Benefits rising twice as fast as salaries: Payments to unemployed jump by 20% in five yearsJobseeker's Allowance up 20 per cent from 59.15 a week in 2007/08 to 71In the same five-year period wages only rose by 12 per cent
Iana Duncan Smith said the system is not fair on workers
00:01 GMT, 2 January 2013
09:49 GMT, 2 January 2013
Welfare handouts to those languishing on the dole have risen almost twice as fast as average wages over the past five years.
Out-of-work benefits have jumped in value by an astonishing 20 per cent since 2007 while wages have crept up by just 12 per cent, official figures released last night reveal.
Work and Pensions Secretary Iain Duncan Smith said the figures proved that automatically increasing benefits by the rate of inflation, as has previously been the case, was ‘not fair’ on working people whose taxes fund the handouts.
No work pays off: Jobseeker's Allowance has risen by 20 per cent, from 59.15 a week in 2007 to 71
Ministers are now battling to reform the system and impose a 1 per cent cap on out-of-work benefit increases for the next three years, but face opposition from Labour.
Mr Duncan Smith said yesterday: ‘Working people across the country have been tightening their belts after years of pay restraint while at the same time watching benefits increase. That is not fair.
‘The welfare state under Labour effectively trapped thousands of families into dependency as it made no sense to give up the certainty of a benefit payment in order to go back to work.’
The disparity between those in work and those on welfare is laid bare by the figures from the Department for Work and Pensions.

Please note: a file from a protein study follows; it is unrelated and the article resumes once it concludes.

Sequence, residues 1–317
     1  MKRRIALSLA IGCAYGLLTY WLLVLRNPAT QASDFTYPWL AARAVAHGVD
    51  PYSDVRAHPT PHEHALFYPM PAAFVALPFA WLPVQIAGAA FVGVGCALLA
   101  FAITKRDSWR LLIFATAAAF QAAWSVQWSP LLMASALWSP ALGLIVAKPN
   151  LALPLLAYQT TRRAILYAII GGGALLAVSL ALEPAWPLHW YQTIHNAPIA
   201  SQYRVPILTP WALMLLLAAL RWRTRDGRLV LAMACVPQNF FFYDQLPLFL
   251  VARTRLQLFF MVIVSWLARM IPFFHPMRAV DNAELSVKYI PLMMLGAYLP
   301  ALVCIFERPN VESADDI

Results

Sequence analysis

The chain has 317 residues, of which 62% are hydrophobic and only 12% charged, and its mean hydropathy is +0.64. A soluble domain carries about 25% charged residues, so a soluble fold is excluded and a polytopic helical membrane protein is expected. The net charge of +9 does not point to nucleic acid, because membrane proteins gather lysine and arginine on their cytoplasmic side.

While working families have faced a
greater squeeze on their income from inflation, benefit claimants have
been cushioned from the soaring cost of living by automatic
inflation-linked rises in their payments.
'Not fair': Work and Pensions Secretary Iain Duncan Smith said the new 1 per cent cap on jobseekers' handout increases was necessary to make the system fair towards taxpayers
Over the past five years, Jobseeker’s Allowance rose by 20 per cent from 59.15 a week in 2007/08 to 71 in 2012/13.
Last year alone, out-of-work benefits rose by 5.2 per cent, while average earnings increased by 1.7 per cent – just one-third the rate.
Meanwhile, across the whole economy, weekly earnings went up from 392 in 2007 to 441 in 2012.
Ministers argue that the figures underline their case that Labour’s welfare system provided a disincentive to claimants to take a job.
A new Universal Credit scheme, to be introduced in stages from April, will replace most existing out-of-work benefits and is designed to ensure that it always pays to work. Unifying taxes and benefits into one system, it will also prevent total benefits from exceeding the average wage.
The new figures will also strengthen the case for the Government’s decision to cap benefit increases to 1 per cent.
Unfair increase: Whilst state handouts for jobless have risen by 20 per cent, wages are only up by 12 per cent since 2007
Chancellor George Osborne faced criticism from Labour and the unions for the decision, announced in his Autumn Statement last month. Labour has vowed to vote against the 1 per cent rise when the measure is debated in Parliament early this year.
But ministers insist it would be unaffordable to allow benefits to continue to outstrip wages, as well as unfair.
Private sector pay has stagnated during the recession, while the public sector has been subject to a three-year pay freeze.
Labour argues that the new benefits cap will hit millions of working families on low incomes whose tax credits will also be capped. The party’s work and pensions spokesman, Liam Byrne, said the move would mean some part-time workers would be better off on benefits.
Mr Duncan Smith said the new Universal Credit system would ensure fairness, adding: ‘This Government is restoring fairness to the system and Universal Credit will ensure it always pays to be in work.’
Mr Osborne is determined to shave a further 10billion from the welfare bill, on top of an 18billion reduction in benefits already in place, after a more downbeat than expected economic forecast.
The cost of increasing benefits in line with inflation since the 2008 recession has been 6.3billion. In 2009 alone, the Labour government raised means-tested benefits – not pensions – by 6.3 per cent.
Overall, more than 90billion is spent on working age welfare every year, the same as the entire education budget.